What We Have Here Is A Failure To Communicate
Patients Not Hearing About Recalls Is ECRI’s No. 1 Technology Hazard
ECRI says gaps in communication about recalls of medical devices used at homes pose a significant risk to patients. The nonprofit safety organization’s list of the top ten technology hazards for 2023 put lack of communication at the top.
More patients today are receiving care in their homes; and thanks to advancements in medical device technology, the quality of that care and access to it is greater than ever.
But there’s a downside.
When at-home devices are recalled, patients reliant on those devices are often not notified in time, resulting in injury to many. This gap in communication between the device manufacturer and the patient is the top safety risk posed by health technology for 2023, according to a new report from the Emergency Care Research Institute, or ECRI.
In its report, “Top 10 Health Technology Hazards for 2023: Expert Insight’s from ECRI’s Device Evaluation Program,” the nonprofit safety group says device manufacturers seldom have direct communication with home care patients, and health care providers may not proactively contact patients about recalls. All of this means that patients often do not learn about an issue with their device until long after the recall was initiated.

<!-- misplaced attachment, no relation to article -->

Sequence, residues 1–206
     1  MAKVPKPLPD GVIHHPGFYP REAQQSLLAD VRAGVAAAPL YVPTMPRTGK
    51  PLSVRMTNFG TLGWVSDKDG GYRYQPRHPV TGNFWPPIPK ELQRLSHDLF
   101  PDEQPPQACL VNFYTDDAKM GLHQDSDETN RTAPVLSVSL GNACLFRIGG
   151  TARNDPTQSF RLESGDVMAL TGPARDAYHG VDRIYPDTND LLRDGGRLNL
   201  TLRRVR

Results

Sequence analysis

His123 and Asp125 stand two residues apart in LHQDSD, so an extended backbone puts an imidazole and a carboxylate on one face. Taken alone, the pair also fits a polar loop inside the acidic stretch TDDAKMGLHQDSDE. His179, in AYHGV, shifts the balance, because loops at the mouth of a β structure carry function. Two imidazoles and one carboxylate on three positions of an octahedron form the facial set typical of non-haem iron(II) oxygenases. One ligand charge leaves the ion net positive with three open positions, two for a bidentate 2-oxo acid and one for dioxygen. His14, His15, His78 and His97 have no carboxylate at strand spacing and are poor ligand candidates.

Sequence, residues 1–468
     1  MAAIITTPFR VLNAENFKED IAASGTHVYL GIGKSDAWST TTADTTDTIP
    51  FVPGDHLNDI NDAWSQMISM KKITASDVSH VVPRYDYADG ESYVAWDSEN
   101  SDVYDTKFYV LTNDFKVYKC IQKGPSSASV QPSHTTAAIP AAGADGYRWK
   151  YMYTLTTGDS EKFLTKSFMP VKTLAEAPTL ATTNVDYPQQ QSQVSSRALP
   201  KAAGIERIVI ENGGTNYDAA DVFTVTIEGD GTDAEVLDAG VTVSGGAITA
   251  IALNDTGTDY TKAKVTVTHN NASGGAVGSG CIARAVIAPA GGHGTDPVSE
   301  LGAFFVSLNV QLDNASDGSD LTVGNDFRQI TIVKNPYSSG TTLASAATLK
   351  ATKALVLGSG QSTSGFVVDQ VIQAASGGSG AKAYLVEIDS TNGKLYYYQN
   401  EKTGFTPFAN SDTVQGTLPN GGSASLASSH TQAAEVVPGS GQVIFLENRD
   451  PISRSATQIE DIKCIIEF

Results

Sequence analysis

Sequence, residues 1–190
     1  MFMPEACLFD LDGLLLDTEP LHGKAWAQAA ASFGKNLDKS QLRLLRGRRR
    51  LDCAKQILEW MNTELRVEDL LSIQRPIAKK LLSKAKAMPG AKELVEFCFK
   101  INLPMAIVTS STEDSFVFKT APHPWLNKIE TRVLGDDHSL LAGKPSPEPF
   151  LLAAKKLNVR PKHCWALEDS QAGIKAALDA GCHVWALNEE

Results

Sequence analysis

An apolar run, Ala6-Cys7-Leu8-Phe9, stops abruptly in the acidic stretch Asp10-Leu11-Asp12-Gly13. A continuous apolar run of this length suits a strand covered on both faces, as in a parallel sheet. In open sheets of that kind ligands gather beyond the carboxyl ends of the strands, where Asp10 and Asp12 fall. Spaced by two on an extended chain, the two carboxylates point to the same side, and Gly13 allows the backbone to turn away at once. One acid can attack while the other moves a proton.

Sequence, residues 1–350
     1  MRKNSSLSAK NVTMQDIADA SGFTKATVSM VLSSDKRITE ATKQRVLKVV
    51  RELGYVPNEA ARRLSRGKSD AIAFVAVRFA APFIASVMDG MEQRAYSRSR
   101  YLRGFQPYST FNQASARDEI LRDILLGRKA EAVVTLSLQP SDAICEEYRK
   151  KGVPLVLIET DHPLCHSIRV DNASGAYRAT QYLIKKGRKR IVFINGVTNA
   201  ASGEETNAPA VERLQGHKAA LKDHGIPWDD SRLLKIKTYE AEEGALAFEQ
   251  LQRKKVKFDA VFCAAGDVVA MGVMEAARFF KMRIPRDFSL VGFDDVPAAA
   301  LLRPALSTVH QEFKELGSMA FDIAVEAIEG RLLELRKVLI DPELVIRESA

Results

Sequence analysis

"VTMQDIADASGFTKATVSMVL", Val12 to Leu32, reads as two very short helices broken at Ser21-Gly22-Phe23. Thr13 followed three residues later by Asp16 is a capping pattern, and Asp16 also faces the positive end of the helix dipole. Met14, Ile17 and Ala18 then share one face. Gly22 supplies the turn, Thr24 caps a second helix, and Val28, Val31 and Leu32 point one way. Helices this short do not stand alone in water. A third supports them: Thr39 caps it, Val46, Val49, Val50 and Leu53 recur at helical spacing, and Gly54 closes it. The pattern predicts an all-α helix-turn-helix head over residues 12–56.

“Even if patients do receive notifications, the language may be jargon-heavy and perplexing, and patients may have difficulty determining whether their device is affected or what to do about it,”
ECRI president and CEO Dr. Marcus Schabacker told Medtech Insight.
Schabacker, an anesthesiologist and intensive care specialist, said device manufacturers are not set up to communicate directly with customers about product issues in the same way other industries are, such as automobile makers who can immediately notify customers about a car or tire recall.
But keeping patients informed about recalls is not the only gap in communication, Schabacker said.
As more technically advanced devices designed for in-home care hit the market, they will certainly bring the potential of better health outcomes but also risk, especially if how to use and maintain those devices is not fully explained to the user.
And closing these gaps, according to Schabacker, starts with the manufacturers. “They don't know how to reach the patient or the provider who prescribed or recommended the device,” he said, “and they don't know which device the patient ended up with.”
“Reaching out to the patient is often very difficult. And the providers don't have the setup, nor the will, to do that.” – Marcus Schabacker
ECRI’s report cites the Philips recall of its continuous positive airway pressure (CPAP) and bilevel positive airway pressure (BiPAP) machines as an example. Though the recall was initiated in June 2021, several months went by before some patients became aware of the recall. And as Schabacker noted, because of the language used in the recall notice, many patients were confused about whether to continue to use the device or what action they needed to take.